Brahma Chellaney in India’s muddle path (March 19) rightly stated that India’s stand on Tibet remains unclear despite the fact that it is the right time to pin down the regime for the release of Tibet from Chinese occupation.india Updated: Mar 20, 2008 23:11 IST
Brahma Chellaney in India’s muddle path (March 19) rightly stated that India’s stand on Tibet remains unclear despite the fact that it is the right time to pin down the regime for the release of Tibet from Chinese occupation. It is sad that the world community and the UN are mute spectators to the repression of Tibetans. India should seize this opportunity and advise the Chinese authority to negotiate with the Dalai Lama for the freedom of Tibet that had been an independent State until it was illegally occupied by China in 1959. India can keep the Chinese at bay by fighting for an independent Tibet.
The Chinese have been guilty of trampling on the religious and cultural traditions of Tibetans. Western democrats have no sympathy for the Tibetans, except as a pretext to embarrass China. The Indian government has been timid in its response to the latest violence in Lhasa. India must urge China to address the resentment of the Tibetan people through dialogue.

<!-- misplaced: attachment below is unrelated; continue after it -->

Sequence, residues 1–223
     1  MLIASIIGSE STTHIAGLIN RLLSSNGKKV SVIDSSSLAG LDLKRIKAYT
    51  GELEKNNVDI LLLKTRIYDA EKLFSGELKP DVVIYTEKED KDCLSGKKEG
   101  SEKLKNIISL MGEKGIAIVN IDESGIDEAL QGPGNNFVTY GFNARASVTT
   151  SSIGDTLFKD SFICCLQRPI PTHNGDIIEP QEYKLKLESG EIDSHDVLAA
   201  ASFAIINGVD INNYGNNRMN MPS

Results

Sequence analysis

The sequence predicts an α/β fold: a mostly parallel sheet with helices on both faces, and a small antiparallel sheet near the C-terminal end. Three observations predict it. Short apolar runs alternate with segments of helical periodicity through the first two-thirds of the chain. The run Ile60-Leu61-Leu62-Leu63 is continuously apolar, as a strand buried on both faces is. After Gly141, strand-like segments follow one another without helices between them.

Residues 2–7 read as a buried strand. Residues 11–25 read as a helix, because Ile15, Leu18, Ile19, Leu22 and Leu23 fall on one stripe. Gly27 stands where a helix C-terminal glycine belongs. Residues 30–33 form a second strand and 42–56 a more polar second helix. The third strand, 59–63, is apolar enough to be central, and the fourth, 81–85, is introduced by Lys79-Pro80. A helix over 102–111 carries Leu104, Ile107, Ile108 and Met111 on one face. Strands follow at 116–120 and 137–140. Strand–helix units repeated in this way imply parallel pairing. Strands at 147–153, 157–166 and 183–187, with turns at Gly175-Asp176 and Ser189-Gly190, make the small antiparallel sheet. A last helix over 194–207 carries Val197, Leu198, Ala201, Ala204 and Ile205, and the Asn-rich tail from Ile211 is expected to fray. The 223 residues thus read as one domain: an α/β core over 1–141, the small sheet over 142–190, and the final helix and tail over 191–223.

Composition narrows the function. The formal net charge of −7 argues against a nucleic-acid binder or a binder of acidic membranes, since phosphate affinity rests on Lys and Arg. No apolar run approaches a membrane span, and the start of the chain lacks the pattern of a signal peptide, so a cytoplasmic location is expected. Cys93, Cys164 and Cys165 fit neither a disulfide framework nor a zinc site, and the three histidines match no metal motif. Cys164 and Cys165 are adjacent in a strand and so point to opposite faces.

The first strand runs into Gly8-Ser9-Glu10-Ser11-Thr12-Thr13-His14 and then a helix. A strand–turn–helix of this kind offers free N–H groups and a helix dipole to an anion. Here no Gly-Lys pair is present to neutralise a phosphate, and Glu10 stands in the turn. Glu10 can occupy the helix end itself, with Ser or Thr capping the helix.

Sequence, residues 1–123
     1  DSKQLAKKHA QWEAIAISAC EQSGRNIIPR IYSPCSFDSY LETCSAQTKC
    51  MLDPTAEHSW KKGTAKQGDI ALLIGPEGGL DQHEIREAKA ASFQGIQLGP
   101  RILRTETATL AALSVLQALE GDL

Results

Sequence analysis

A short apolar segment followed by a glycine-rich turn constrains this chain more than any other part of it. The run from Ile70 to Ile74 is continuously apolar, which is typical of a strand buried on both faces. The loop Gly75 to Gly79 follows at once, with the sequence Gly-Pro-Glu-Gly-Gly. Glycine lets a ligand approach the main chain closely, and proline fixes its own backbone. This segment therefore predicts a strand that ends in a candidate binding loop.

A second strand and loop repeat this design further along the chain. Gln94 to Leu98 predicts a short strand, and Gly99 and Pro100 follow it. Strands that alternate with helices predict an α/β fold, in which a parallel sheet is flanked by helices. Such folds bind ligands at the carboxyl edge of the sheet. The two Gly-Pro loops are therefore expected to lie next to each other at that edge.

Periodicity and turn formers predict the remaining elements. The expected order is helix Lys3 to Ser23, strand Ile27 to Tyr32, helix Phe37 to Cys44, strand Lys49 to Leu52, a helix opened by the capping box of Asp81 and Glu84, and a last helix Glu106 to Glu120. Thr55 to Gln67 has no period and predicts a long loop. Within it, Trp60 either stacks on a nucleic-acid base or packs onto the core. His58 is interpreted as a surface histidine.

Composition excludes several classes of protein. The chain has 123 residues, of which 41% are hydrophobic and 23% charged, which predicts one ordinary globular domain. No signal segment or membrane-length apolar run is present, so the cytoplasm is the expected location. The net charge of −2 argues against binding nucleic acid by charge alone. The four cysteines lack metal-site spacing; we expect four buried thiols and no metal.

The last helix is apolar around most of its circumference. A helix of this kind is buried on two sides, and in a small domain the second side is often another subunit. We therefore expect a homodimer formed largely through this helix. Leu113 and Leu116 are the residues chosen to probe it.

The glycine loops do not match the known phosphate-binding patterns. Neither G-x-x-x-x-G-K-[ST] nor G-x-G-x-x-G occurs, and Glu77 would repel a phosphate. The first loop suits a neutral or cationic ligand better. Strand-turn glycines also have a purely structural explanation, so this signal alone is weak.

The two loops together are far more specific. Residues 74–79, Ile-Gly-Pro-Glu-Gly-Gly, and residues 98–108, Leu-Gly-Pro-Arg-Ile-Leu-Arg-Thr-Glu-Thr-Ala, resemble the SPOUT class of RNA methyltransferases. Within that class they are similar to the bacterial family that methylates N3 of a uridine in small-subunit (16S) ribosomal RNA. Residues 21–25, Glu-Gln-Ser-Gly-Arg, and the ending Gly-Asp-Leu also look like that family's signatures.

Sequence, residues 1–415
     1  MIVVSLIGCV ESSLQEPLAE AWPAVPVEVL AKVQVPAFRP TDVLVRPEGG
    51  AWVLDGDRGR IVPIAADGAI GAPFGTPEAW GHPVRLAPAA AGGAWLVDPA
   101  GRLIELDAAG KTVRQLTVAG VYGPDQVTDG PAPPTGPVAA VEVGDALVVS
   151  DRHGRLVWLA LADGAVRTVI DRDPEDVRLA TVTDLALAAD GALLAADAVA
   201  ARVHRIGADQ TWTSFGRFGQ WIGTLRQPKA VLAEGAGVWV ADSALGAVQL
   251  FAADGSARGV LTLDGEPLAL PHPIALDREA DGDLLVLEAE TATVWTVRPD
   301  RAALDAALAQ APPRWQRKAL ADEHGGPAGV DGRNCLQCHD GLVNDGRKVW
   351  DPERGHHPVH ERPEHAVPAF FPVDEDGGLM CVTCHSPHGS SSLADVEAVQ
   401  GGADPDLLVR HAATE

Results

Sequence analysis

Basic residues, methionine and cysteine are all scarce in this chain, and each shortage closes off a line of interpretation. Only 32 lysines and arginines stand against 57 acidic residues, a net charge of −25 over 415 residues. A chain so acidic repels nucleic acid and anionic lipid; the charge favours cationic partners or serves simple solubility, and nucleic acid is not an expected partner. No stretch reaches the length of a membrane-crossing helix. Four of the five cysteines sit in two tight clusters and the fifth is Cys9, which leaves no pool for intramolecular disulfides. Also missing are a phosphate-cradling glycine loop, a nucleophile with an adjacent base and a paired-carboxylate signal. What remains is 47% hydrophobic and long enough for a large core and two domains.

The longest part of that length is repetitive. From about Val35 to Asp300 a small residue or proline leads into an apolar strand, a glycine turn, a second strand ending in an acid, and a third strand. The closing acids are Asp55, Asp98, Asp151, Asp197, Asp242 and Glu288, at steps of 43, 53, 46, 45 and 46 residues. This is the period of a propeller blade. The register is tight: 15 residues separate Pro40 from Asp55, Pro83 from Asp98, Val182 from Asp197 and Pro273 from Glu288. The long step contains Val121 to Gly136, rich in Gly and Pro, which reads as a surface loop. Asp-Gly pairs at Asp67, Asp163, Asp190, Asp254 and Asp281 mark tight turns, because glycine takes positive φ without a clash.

Call their bluff
Nilova Roy Chaudhury’s article It’s about options, not co-option (March 20) should be an eye-opener for the opponents of the nuclear deal with the US. Its chief opponents like Prakash Karat, Sitaram Yechury and Co. are the same persons who forced Jyoti Basu to decline the post of the PM when it was offered to him in the Nineties. Now the same leaders want the UPA government to commit another historical blunder by not signing the deal. It is time Manmohan Singh called their bluff and signed the deal.
Free the capital
Apropos of the report Legislators face music for bedlam (March 19), the pandemonium in the Delhi assembly is a manifestation of the vulgarity in the wake of restive impatience. If the capital is to have a national character to infuse confidence in the minds of all
its citizens from several parts of the country, the civil administration must be free from party politics.